| Playing in the margins
Perhaps 300 million people watched the India-Pakistan World Cup encounter, this comfortably constituting the largest television audience in the history of the game. Although I am a cricket-writer, and even happened to be in South Africa at the time, I wasn’t one of them. In both the 1996 and 1999 World Cups, I had watched India play Pakistan at the ground itself. I thus knew what a contest between these two teams meant; namely, that the happenings on the field would be eclipsed by the raucous jingoism outside it. In the circumstances, I thought it wise to pass up the match for a social experience I hadn’t previously enjoyed; a visit to South Africa’s famous, and notorious, townships.
In the early Fifties, the then brand-new apartheid regime in South Africa passed a law known as the Group Areas Act. Under the act, coloured and black communities living in and around the city-centre were evicted and moved to distant locations. The areas thus freed up were assigned for offices and businesses run and owned by the ruling whites.
In the city of Cape Town, one of the casualties of the Group Areas Act was the St Augustine Cricket Club. This catered for the coloured people who then lived right under Table Mountain. A prominent member of St Augustine’s was Basil D’Olivera. In the late Fifties, as “Dolly” was taking his first steps in English cricket, his compatriots were being resettled in the township of Langa, some 12 miles from the heart of the city. It was from here that they took buses to work in factories in Cape Town, and it was to here that they returned, to spend the night safely away from the eyes and noses of their white rulers.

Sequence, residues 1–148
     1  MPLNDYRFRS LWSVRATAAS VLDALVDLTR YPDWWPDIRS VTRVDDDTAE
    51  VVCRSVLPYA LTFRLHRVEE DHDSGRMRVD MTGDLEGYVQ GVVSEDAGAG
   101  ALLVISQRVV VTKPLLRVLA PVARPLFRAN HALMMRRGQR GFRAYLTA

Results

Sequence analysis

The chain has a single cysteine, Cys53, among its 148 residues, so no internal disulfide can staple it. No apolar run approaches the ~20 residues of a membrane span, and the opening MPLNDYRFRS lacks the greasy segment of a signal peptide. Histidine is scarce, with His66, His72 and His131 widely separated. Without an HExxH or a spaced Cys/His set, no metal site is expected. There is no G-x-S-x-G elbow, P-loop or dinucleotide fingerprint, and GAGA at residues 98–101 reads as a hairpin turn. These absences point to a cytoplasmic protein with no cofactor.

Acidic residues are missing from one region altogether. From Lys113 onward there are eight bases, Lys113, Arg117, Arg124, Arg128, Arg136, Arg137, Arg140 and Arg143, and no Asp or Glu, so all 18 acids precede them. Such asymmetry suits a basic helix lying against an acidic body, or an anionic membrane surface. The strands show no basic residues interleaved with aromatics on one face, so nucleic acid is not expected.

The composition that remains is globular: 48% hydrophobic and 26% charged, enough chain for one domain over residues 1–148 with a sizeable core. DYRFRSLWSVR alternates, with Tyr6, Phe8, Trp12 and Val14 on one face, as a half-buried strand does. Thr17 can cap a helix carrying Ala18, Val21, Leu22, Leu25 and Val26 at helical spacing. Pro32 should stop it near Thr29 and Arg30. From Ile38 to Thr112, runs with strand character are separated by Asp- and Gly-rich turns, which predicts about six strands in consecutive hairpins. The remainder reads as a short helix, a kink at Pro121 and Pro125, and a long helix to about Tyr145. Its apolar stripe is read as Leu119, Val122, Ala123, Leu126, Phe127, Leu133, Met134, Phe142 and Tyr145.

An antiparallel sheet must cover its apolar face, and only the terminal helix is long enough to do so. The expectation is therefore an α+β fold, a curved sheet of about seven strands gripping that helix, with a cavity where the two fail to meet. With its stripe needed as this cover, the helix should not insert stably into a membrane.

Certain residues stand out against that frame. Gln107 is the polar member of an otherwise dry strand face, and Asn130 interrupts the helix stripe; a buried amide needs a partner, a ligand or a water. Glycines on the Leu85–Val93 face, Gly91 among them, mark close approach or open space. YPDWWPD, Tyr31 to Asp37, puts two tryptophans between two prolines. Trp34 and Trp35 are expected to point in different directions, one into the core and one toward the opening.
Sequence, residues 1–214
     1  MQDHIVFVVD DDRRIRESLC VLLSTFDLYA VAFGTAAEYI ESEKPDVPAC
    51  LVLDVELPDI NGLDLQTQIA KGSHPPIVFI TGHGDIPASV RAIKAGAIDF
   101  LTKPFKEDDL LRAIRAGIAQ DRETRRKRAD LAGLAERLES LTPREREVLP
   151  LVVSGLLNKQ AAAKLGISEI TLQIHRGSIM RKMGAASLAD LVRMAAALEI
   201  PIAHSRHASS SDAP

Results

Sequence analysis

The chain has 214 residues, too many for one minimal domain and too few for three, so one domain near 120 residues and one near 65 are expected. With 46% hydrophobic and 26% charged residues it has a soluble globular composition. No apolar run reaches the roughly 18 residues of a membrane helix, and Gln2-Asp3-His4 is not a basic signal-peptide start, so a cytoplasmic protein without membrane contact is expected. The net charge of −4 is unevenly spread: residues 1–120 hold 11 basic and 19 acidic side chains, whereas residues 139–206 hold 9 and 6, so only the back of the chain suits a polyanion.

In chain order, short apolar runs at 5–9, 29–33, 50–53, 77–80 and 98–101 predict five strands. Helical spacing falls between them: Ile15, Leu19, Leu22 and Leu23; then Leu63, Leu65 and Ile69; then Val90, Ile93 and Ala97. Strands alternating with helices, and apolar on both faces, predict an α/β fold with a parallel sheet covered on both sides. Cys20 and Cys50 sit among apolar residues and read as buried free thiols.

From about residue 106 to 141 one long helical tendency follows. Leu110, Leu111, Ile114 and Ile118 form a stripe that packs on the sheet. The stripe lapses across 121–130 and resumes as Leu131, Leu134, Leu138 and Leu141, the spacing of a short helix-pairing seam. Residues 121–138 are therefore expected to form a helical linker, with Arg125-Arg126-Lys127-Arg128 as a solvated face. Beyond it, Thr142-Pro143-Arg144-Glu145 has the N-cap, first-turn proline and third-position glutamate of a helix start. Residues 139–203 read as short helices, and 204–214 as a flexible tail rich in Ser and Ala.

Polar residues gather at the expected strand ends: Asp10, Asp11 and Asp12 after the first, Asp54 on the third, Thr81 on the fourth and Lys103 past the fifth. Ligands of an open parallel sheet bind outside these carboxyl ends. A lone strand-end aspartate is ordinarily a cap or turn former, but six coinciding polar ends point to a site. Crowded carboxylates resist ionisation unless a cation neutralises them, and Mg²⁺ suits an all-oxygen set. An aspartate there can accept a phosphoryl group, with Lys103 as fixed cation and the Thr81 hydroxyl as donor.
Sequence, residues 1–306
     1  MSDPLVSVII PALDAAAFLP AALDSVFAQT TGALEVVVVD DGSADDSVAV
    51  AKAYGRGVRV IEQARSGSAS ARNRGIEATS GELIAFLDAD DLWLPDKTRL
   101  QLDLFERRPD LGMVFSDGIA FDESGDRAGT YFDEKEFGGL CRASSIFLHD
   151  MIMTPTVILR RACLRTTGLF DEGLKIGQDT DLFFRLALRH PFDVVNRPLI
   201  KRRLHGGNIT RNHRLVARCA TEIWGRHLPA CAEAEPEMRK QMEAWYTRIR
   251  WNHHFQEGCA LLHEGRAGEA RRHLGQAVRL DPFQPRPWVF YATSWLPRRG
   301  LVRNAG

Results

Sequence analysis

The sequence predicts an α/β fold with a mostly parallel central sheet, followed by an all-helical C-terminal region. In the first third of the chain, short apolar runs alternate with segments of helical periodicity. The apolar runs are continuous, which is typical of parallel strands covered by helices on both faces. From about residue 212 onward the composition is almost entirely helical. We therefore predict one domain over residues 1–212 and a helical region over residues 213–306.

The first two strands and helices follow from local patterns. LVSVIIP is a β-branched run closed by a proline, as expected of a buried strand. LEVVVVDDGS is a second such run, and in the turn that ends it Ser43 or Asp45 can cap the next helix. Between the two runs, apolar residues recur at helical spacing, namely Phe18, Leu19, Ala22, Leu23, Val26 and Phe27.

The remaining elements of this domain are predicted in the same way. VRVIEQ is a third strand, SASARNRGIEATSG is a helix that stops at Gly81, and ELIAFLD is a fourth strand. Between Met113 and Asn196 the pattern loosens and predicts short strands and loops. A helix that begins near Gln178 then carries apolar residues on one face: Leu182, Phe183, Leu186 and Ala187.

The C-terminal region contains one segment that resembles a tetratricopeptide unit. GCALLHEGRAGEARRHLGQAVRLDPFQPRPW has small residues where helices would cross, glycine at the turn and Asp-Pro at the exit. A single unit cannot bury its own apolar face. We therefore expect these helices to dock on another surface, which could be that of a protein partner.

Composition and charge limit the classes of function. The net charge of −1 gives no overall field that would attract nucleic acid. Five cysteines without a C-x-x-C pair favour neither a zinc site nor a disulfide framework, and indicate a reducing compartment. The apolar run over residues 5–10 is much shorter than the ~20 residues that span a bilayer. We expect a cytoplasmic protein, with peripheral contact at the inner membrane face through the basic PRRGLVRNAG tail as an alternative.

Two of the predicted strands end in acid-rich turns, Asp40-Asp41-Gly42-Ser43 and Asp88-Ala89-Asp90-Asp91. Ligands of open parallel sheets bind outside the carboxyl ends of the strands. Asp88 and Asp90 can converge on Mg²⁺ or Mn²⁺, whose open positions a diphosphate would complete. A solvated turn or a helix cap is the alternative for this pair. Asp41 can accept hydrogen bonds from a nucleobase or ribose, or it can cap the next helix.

By the standards of an Indian slum, Langa is rather habitable. The roads are tarred, the homes made of solid wood. Many have cars parked outside. Somewhat down the social scale is Kyelitchaa, another township that we visited, and which caters to black migrant workers from the countryside. Here the houses are less sturdy, and more closely packed together. In this township, we met a woman entrepreneur named Vicky who has started what she calls “the world’s smallest hotel”. This has all of two rooms, which can be rented out to those foreigners interested in the “authentic township experience”, to be had before or after the beaches and game-parks that lie on the more conventional tourist route.